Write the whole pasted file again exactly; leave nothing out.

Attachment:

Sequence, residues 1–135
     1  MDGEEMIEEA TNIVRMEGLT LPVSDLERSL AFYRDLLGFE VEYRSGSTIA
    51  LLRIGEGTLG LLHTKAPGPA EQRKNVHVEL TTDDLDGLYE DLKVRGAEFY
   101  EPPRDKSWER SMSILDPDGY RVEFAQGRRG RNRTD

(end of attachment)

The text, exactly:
Sequence, residues 1–135
     1  MDGEEMIEEA TNIVRMEGLT LPVSDLERSL AFYRDLLGFE VEYRSGSTIA
    51  LLRIGEGTLG LLHTKAPGPA EQRKNVHVEL TTDDLDGLYE DLKVRGAEFY
   101  EPPRDKSWER SMSILDPDGY RVEFAQGRRG RNRTD